The Greatest Showman (2017) Review



The Greatest Showman is one of the best musicals I’ve ever seen… admittedly that’s like two but still, it’s really good and much better than the overrated La La Land.

Plot: Orphaned, penniless but ambitious and with a mind crammed with imagination and fresh ideas, the American Phineas Taylor Barnum will always be remembered as the man with the gift to effortlessly blur the line between reality and fiction. Thirsty for innovation and hungry for success, the son of a tailor will manage to open a wax museum but will soon shift focus to the unique and peculiar, introducing extraordinary, never-seen-before live acts on the circus stage. Some will call Barnum’s wide collection of oddities, a freak show; however, when the obsessed for cheers and respectability showman gambles everything on the opera singer Jenny Lind to appeal to a high-brow audience, he will somehow lose sight of the most important aspect of his life: his family. Will Barnum risk it all to be accepted?

Review: Everyone knows I hate musicals but over the past couple of years I have become more open to all film genres; I even watch movies where no one gets punched in the face and nothing explodes. Weird.

Anyway, I had no real intention of watching The Greatest Showman as it just didn’t look like my cup of tea however, several friends and family members have been raving about it so my curiosity got the better of me. I finally went to see it last night and I will have to admit that it is indeed rather fantastic.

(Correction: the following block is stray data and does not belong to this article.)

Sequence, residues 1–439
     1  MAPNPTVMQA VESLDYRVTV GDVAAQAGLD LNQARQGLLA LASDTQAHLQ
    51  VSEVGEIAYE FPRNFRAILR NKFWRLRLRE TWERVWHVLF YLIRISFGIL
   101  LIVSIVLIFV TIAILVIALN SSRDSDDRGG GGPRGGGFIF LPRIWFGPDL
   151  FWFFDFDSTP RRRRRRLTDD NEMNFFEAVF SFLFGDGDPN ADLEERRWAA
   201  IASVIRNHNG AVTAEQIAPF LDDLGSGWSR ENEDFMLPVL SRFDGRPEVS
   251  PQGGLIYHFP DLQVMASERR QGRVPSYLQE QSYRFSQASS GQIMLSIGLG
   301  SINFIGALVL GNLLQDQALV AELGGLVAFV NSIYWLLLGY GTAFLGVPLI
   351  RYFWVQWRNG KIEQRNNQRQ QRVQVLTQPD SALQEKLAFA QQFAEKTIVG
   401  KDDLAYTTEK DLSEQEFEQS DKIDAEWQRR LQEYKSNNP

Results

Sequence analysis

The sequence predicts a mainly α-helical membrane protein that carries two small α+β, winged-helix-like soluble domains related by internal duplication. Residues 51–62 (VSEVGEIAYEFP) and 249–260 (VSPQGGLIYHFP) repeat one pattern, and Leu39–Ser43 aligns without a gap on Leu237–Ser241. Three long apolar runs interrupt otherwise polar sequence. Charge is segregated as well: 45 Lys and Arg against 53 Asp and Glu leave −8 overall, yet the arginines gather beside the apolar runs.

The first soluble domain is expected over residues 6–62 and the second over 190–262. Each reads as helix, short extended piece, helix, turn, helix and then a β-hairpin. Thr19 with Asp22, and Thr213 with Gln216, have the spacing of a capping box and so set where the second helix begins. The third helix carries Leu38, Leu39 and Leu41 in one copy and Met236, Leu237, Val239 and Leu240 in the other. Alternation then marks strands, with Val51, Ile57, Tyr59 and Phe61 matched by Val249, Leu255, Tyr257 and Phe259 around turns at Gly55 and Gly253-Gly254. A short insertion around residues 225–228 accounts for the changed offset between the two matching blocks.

The songs are actually more pop songs rather than the musical theatre bullshit that usually plagues these movies and there are a few that will stick in your head for days after watching. I particularly liked A Million Dreams which is a real earworm song and refuses to leave me alone.

Hugh Jackman is always worth watching and even if the movie isn’t amazing he can elevate it with his sheer screen presence. In The Greatest Showman he plays P.T. Barnum, a man who feels he is destined for great things and wants to be loved by everyone especially the rich snobs of New York.

After several failed careers he puts together a circus of “freaks” and greatness quickly follows. What I liked is that Barnum starts off as a sympathetic man who has truly gone through his fair share of crap in his life but it’s very much a case of be careful what you wish for. He loses sight of what’s important and may end up losing everything that truly matters.

The Greatest Showman has real heart to it and you care for each of the characters; yes, the story is a little predictable but it’s so uplifting that it’s hard not to be moved by it.

As someone who loves fight choreography in action films, it has given me a new appreciation for dance choreography and in The Greatest Showman it is truly spectacular. I think the best sequence is in the bar with Barnum trying to convince Phillip Carlyle (Zac Efron) to join his circus and escape from the prison of his current life. The barman is moving glasses and bottles around to the music and was frankly jaw-dropping to watch.

Michelle Williams gives one of her finest performances to date as Barnum’s long suffering wife who supports him every step of the way but even she will be tested by his seemingly unending ambition.

Overall, The Greatest Showman is one of the best musicals I’ve ever seen… admittedly that’s like two but still, it’s really good and much better than the overrated La La Land. With spectacular dance sequences, memorable music and an uplifting story it had our audience cheering in the aisles by the end. Definitely see it on the big screen with all your friends.